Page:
No lions being tamed, no ponies being ridden bare-back by ladies in a scattering of sequins. Hold on a mo - is that a very large bear I see, scaling the Chinese pole with acrobatic flair? And are those bunny girls - but with actual big bunny heads? Are the animals back in the ring? Or could it be a trick of the light? A smoke-and-mirrors illusion? In fact, it's something altogether more brilliantly untoward and breathtakingly special: you're watching Circa going Beyond.
Last year, this Australian company of circus performers took the Fringe by storm with Wunderkammer, an hour sparked by high-flying, throwing-and-catching acrobatic technique wrapped up in sly humour, unexpected poetics and some very scanty costumes - altogether wonderful enough to bring Circa one of our Herald Angel awards for its chutzpah and brilliance.
This year, they're back with Beyond, a show that inhabits a territory somewhere between Alice in Wonderland and Darwin. And yet again Circa fields a group of artists whose bodies are as bendy, supple and risk-taking as director Yaron Lifschitz's conceptual imaginings.
It's a prospect that invites the sound of Grace Slick's voice to take over your thoughts, the lyrics of Jefferson Airplane's White Rabbit insidiously crystallising Lewis Carroll's story into a hallucinogenic trip.
It's not a song that features in Lifschitz's soundscore, however - nor is Beyond any kind of narrative re-telling of Alice's adventures. Rather it's an exploration of the "inner animalness" that we harbour under own skin.
This is when the references to Darwin start to rub shoulders with Carroll. And when Lifschitz describes himself as "interested in the idea of the creature and what our relationship is to the animal inside us and how that affects our lives", he's also saying that even when the performers are wearing bunny heads, or animal costumes, they are not pretending to be animals. The aim is to "create this flavour, this odd beautiful world where the lines between human and animal, day and night, all get a little bit blurred".
This aura of fuzziness does not apply to the Circa skills-base which remains firmly rooted in the paradox of human bodies being toned and trained to levels of uncanny expertise - and yet still intrinsically vulnerable and not immune to damage. Lifschitz wouldn't have it any other way. In all of the Circa shows he's developed since he took over the artistic direction of the original company in 1999, one thing has been missing: the kind of spectacular stage machinery that can almost supercede the performers' ability in grabbing audience attention.
In Beyond, you can't help but be aware of the people. You can see them sweat with the effort of physical and mental concentration - it's not just about flesh-and-blood strength, it's about focus, and maybe even a kind of animal instinct … that inexplicable accurate knowing, in the moment, where the other being is, or when to jump or catch. And when you're on a trapeze, or those slippery silks or a Chinese pole, you tune out of that zone at your own risk.
That kind of humanity on the brink of danger is a hallmark of what Circa brings to the stage. And sometimes, in past shows, there has been a whiff of the brutal and the extreme in the actions that take them - and us - to the edge. According to Lifschitz, Beyond is still intense, but in a different way. Words like "warm", "tender", and "generous" come into play and he describes it as having a "quite beautiful" emotional palette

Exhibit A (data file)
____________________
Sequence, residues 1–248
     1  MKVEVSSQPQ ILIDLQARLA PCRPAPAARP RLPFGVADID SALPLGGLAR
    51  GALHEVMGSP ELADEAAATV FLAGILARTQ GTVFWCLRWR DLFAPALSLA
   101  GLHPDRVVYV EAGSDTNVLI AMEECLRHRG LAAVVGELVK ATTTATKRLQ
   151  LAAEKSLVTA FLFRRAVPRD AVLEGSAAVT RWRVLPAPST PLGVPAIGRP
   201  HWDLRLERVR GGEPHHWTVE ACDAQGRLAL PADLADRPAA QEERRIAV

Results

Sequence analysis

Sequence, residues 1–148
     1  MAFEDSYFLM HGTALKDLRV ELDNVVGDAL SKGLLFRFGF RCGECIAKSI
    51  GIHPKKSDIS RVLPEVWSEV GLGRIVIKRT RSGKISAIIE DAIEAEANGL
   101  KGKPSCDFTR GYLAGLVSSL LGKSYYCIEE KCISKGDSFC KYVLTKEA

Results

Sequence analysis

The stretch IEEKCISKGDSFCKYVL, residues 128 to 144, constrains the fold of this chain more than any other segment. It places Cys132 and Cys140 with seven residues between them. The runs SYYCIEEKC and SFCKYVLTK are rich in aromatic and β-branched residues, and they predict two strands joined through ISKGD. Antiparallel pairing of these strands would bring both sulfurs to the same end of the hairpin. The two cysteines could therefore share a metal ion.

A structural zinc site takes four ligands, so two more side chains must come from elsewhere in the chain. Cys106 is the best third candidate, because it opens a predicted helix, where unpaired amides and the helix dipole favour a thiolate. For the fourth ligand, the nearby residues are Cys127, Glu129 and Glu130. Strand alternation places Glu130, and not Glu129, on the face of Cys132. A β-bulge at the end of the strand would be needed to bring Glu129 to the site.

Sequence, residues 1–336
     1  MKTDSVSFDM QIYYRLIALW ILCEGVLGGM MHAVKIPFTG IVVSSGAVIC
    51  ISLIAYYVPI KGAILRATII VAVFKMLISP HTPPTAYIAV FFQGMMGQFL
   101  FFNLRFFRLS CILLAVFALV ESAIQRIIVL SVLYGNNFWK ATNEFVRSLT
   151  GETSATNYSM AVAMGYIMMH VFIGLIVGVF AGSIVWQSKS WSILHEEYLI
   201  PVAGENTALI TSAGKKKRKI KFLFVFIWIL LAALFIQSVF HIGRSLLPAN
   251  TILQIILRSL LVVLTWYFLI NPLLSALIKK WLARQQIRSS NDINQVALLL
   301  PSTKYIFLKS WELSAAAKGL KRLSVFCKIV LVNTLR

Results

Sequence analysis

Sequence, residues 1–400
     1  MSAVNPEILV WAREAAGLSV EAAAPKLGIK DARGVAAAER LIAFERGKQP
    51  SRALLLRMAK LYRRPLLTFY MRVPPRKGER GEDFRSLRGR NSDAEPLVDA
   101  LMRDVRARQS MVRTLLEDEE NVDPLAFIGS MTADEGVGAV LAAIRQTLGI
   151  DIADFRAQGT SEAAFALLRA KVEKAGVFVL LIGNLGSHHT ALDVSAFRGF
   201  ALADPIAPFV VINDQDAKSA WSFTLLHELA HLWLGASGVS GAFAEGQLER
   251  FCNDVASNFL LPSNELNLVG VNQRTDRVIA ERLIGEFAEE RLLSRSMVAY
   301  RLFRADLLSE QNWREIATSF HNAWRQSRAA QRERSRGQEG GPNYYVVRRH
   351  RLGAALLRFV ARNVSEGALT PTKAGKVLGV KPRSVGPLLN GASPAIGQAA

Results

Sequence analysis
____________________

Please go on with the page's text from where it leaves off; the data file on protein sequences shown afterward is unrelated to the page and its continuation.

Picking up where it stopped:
"It's melancholy. It's very rich and very warm and the audience have a direct experience with that because there are people that perform with great honesty and great vulnerability - and taking risks and doing amazing things."
They do this to a musical collage that, typical Lifschitz and typical Circa, runs a gamut of genres from a crooning Sinatra to a brooding Nick Cave with - like the acts themselves - a few surprises thrown in.
And though Grace Slick's White Rabbit doesn't enter the arena, her words ring true for anyone watching the mosaic of images, themes and Darwin-esque questions that are the springboard for Beyond - Remember what the dormouse said: "Feed your head, feed your head"
Elsewhere, the Fringe programme mirrors the growing appeal of circus shows that bring new formats to traditional skills. Pants Down Circus: Rock does exactly what it says in the name.
The Australian show was inspired by Aerosmith, AC/DC, Joan Jett, Queen, Metallica and Bon Jovi, but this collaboration with fellow Aussie Scott Maidment - who directed Limbo, a sensational part of Edinburgh's Christmas 2013 programme - ensures the face-melting guitar solos are met with hard-core acrobatics, and some humour.
And if you feel like getting your skates on, then Wolfgang Hoffmann - the driving force behind Aurora Nova - has just the opportunity for you: This is Contemporary Ice Skating.
He explains that there are enthusiastically competitive ice-skaters showing off the art of gliding but says: "What's best is that you can get on the ice to play and dance.
"In my case it was in a joyful but not very elegant slip-and-stumble kind of way! It offers audiences a more visceral experience, and I find that important, as it has been my interest over the years to inspire people to move themselves and to understand and enjoy art not just intellectually but with their whole being."
Feed your head, or find your feet on ice - there are all kinds of circuses in town for the Fringe.
Circa is at Underbelly Bristo Square (July 30 - Aug 25); Pants Down Circus: Rock is in Assembly George Square Gardens (July 31 - Aug 25); This Is Contemporary Ice Skating is at Murray Field Ice Rink (Aug 3 - 23: dates and times vary).